A Unique Place on our Planet: Why the Dead Sea Should be on your Bucket List

by Julie on June 27, 2017

If seeing the Dead Sea is not yet included on your to-do bucket list, put it there post haste. The geological marvel is one of the most unique places on the planet and surely worth a visit in this lifetime. In the interest of completed bucket lists and contented travelers worldwide, we are pleased to present a few tips and tricks that ensure merry travels in and around the Dead Sea.

Health benefits of the Dead Sea

No trip to the Dead Sea is complete unless the visitor takes a dip into its healing waters. Some say the ultra high mineral content of the Dead Sea provides amazing healing powers that help people with numerous medical conditions, including arthritis, psoriasis, cellulite, acne, and respiratory issues. The deeper one delves into the Dead Sea, the saltier the water. Solar UV levels seem to be lower in the vicinity of the Dead Sea, notes Mental Floss magazine. The dark mud of the seabed of the Dead Sea is said to have remarkable healing powers. Chock full of magnesium, potassium, calcium, and other minerals, the black mud is slathered onto the body, allowed to harden in the sunshine, then rinsed off with seawater.

Salt isn’t the only thing the Dead Sea produces. Small bits and blobs of natural bituminous asphalt continually spew from the seabed. Skulls from Neolithic digs were found coated with the sticky substance that was also used to make mummies.

Saltiness and healthful minerals

The San Francisco Salt Company describes many minerals found in natural Dead Sea mud. The most prevalent of these minerals is magnesium. Necessary for the healing of skin tissue and for cell metabolism, magnesium is abundant in Dead Sea mud. Nerve-calming bromide is another mineral found in Dead Sea mud. Thyroid- regulating iodine and disinfecting sulfur are also abundant in mud from the floor of the Dead Sea. Potassium nourishes cells and aids in water retention regulation. Calcium, as found in Dead Sea mud, strengthens teeth and bones while bolstering cell membranes. Sodium, also prevalent in Dead Sea mud, relieves muscle cramps and stiffness. The zinc found in natural Dead Sea mud boosts immune system function and regulates enzymatic cell proliferation.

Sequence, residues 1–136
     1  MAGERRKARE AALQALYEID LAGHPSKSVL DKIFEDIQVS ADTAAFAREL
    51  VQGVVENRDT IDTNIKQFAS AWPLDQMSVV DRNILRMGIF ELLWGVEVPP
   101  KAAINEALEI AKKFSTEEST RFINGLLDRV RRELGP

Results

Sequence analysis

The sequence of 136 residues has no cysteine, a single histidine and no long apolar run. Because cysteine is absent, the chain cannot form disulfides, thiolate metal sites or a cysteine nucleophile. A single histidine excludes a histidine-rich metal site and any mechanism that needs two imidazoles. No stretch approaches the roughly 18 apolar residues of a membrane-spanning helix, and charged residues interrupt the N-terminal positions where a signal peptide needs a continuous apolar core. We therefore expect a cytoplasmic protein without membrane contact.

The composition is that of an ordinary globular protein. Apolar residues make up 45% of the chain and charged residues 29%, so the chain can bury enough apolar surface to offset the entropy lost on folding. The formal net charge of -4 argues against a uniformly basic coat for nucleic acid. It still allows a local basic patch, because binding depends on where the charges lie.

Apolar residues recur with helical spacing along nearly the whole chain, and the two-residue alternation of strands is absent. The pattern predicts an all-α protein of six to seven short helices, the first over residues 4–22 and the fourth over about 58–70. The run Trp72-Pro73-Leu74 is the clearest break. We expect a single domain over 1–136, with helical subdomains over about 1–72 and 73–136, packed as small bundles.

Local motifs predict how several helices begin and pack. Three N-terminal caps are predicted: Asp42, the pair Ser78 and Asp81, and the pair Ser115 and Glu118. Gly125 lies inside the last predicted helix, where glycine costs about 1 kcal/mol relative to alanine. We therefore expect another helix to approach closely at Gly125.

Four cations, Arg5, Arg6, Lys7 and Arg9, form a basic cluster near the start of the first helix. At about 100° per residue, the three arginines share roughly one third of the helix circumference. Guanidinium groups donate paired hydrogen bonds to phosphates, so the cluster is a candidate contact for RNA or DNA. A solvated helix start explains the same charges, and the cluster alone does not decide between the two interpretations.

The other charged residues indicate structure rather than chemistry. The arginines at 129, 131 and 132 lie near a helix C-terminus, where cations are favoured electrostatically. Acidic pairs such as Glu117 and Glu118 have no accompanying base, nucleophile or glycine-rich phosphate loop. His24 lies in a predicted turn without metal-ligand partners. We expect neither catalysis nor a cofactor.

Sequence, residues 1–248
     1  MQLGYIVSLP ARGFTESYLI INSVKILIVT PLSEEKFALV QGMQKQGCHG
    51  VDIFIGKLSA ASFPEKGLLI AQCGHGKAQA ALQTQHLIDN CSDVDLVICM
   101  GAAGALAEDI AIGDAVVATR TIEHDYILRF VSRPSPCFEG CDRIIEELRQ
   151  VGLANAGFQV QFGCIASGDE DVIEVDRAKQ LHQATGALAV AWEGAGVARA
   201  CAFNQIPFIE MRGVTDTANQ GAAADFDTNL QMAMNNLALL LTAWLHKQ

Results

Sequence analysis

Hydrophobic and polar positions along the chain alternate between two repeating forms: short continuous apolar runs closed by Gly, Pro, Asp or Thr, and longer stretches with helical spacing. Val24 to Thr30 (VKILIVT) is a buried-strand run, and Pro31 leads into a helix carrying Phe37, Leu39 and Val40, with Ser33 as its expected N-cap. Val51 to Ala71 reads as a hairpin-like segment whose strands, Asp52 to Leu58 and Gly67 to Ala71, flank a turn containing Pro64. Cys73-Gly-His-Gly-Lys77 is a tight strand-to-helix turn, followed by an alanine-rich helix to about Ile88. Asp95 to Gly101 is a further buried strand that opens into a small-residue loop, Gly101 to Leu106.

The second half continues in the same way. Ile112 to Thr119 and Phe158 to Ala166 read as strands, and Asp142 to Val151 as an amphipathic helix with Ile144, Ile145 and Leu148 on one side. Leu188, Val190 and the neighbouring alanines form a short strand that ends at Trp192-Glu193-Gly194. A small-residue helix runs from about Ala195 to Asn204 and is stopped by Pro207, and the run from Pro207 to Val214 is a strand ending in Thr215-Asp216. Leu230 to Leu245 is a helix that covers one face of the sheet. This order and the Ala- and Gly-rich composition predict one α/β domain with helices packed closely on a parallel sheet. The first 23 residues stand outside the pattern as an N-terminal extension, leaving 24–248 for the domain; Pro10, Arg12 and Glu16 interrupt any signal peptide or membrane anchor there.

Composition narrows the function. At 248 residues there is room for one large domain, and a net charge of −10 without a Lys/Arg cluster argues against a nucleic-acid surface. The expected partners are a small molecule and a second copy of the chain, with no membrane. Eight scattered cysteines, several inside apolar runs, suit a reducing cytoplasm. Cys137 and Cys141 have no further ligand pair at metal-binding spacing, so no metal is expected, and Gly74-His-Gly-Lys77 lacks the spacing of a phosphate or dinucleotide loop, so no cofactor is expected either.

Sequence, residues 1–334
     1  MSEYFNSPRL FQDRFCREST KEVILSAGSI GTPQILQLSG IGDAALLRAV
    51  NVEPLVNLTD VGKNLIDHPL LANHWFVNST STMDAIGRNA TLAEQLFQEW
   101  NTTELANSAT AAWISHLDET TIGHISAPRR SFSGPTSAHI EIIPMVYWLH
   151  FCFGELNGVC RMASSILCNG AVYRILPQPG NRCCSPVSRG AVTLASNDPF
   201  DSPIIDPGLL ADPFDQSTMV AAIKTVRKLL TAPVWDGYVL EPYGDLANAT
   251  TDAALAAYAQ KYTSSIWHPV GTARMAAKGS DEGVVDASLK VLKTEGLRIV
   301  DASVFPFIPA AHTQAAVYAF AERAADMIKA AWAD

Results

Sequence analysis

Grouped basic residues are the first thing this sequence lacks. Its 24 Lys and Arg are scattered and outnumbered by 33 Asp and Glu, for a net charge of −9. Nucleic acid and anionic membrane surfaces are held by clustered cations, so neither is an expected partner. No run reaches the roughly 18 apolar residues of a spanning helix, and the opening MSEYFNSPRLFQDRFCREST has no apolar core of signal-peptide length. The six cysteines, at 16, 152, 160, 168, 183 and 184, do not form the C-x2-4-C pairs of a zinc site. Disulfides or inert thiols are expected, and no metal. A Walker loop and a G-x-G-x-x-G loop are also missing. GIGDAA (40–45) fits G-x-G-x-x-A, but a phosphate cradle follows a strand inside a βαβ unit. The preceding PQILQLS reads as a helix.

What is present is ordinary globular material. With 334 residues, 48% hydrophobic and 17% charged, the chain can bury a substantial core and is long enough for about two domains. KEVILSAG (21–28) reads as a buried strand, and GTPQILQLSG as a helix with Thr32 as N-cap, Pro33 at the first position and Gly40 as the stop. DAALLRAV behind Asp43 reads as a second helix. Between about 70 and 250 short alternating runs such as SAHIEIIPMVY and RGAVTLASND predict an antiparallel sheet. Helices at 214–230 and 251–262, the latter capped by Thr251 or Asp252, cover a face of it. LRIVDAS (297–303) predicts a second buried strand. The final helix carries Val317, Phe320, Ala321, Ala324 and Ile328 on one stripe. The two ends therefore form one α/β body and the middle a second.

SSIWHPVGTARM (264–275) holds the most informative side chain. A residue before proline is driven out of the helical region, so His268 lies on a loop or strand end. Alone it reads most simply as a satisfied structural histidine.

Floating in the Dead Sea is super easy due to the amazingly buoyant properties of salinated water. At eight times the salt content of the Pacific and Atlantic oceans, the Dead Sea is virtually impossible for a person to sink in. You won’t be able to swim in the Dead Sea, but you can float all day and never, ever sink, explains Facts Legend magazine.

Not really a sea at all

Interestingly, the Dead Sea isn’t a sea at all. It’s actually a saltwater lake. The lake gets its name due to the fact that nothing but the occasional bacteria can live in the super salty water. Water flows into the Dead Sea, but none flows out. The salt of the Dead Sea is not delicious like other natural ocean salt. In fact, Dead Sea salt is rather stinky. Egyptians used the smelly black mud of the Dead Sea to create mummies. Cleopatra is said to have loved the Dead Sea so much, she spent vacations basking on the shores of the fragrant lake.

With a water surface that’s situated more than 1,300 feet below sea level, the Dead Sea is actually a rift in the Earth’s crust and was formed countless eons ago. The Dead Sea is at the lowest point on the planet and is saltier than any other body of water on Earth. At 33.7 percent salinity, the Dead Sea is super salty but not the saltiest body of earthly water. Lagoon Garabogazköl in the Caspian Sea boasts 35 percent salinity, Lake Assal in central-western Djibouti boasts 34.8 percent salinity, and Don Juan Pond located in Antarctica’s McMurdo Dry Valleys has 44 percent natural salinity.

Documents you’ll need to travel to the Dead Sea

Visitors to Israel must be in possession of a passport issued at least six months prior to travel dates. When a group makes a trip to the Dead Sea, each person in the travel party must hold a valid passport with their own name. Visitors to Israel may stay for up to three months from the date of entry, as long as they are in accordance with visa conditions.

If you’re pondering a trip to see the Dead Sea, now’s a good time to start making plans. Arrange your itinerary at your leisure, and check things off your bucket list in your own good time.

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